Traditionally, green banana is used as an antidiarrheal agent in the community. It is also used as a vegetable in Bangladesh, India, and other countries in Africa. Therefore, the IRB from the icddr,b did not direct us to form a data-monitoring committee.
|Protocol items||Study period|
|Screening (day -3 to -1)||Enrollment (day 0)||Assessment and allocation (day 0)||Study diets (days 2-7)||First follow-up (days 14±3)||Second follow-up (days 21±3)|
|Randomization and allocation||x|
|Resolution of diarrhea (by day 5)||x|
|Resolution of diarrhea (by day 7)||x|
|Consistency of stool||x|
|Frequency of stool||x|
|Relapse at first follow-up||x|
|Relapse at second follow-up||x|
|Enteric pathogen detection by TaqMan assaya||x|
|Detection of gut microbiota by 16S rRNA sequencinga||x||x|
|Detection of proteomes and metabolomes from blooda||x||x|
aAccording to the addendum (Ethical Committee approval on May 5, 2018), at the end of the study, stored stool samples and blood samples will be processed for the desired testing.
|Section or item, item no.||Description||Page no. where addressed|
|1||Descriptive title identifying the study design, population, interventions, and, if applicable, trial acronym||1|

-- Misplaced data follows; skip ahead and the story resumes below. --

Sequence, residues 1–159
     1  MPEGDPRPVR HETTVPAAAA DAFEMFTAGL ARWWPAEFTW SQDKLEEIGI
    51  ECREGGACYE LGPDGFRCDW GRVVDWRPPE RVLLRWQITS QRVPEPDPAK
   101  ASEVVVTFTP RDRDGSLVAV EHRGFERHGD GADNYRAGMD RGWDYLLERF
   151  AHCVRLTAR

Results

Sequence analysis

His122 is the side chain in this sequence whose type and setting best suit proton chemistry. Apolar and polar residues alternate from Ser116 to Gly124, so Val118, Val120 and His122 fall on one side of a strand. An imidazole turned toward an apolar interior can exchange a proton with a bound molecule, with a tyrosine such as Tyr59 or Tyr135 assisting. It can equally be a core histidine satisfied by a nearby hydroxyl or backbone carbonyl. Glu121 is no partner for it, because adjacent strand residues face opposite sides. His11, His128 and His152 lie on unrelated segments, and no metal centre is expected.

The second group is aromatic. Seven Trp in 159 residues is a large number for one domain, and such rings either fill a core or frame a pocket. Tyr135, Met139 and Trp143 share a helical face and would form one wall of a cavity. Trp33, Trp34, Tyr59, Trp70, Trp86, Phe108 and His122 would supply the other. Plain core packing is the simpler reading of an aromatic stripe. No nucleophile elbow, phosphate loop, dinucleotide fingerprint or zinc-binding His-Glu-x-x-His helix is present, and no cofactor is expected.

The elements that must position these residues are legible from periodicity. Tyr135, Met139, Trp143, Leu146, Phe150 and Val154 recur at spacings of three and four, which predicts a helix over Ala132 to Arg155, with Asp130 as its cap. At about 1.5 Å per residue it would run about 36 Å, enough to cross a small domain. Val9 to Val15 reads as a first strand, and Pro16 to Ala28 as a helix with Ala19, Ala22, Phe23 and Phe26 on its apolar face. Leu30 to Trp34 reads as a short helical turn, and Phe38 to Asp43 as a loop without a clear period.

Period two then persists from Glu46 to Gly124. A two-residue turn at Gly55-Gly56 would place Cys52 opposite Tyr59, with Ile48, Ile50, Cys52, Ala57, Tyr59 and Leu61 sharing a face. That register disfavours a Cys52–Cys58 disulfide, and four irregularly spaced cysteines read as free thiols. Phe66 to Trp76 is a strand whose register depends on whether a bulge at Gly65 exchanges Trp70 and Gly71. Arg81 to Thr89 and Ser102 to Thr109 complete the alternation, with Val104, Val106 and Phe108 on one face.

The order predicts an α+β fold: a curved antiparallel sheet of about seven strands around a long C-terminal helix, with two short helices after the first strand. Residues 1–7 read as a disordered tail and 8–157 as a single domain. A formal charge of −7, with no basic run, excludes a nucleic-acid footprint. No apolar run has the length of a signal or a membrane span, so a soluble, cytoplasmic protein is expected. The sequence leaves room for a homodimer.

|2a||Trial identifier and registry name; if not yet registered, name of intended registry (ie, ClinicalTrials.gov, ID: NCT03366740)||2|
|2b||All items from the World Health Organization Trial Registration Data Set||N/Aa|
|3||Date and version identifier||4|
|4||Sources and types of financial, material, and other support||20|
|Roles and responsibilities|
|5a||Names, affiliations, and roles of protocol contributors||1|
|5b||Name and contact information for the trial sponsor (ie, the icddr,bb)||N/A|
|5c||Role of study sponsor and funders, if any, in study design; collection, management, analysis, and interpretation of data; writing of the report; and the decision to submit the report for publication, including whether they will have ultimate authority over any of these activities||5|
|5d||Composition, roles, and responsibilities of the coordinating center, steering committee, end-point adjudication committee, data-management team, and other individuals or groups overseeing the trial, if applicable (see Item 21a for data-monitoring committee) (ie, Institutional Review Board and the icddr,b)||4, 5|
|Background and rationale|
|6a||Description of research question and justification for undertaking the trial, including summary of relevant studies (published and unpublished) examining benefits and harms for each intervention||3, 4|
|6b||Explanation for choice of comparators||3, 4|
|7||Specific objectives or hypotheses||18|
|8||Description of trial design, including type of trial (eg, parallel group, crossover, factorial, or single group), allocation ratio, and framework (eg, superiority, equivalence, noninferiority, and exploratory)||13, 14|
|Methods: participants, interventions, and outcomes|
|9||Description of study settings (eg, community clinic and academic hospital) and list of countries where data will be collected; reference to where list of study sites can be obtained||12|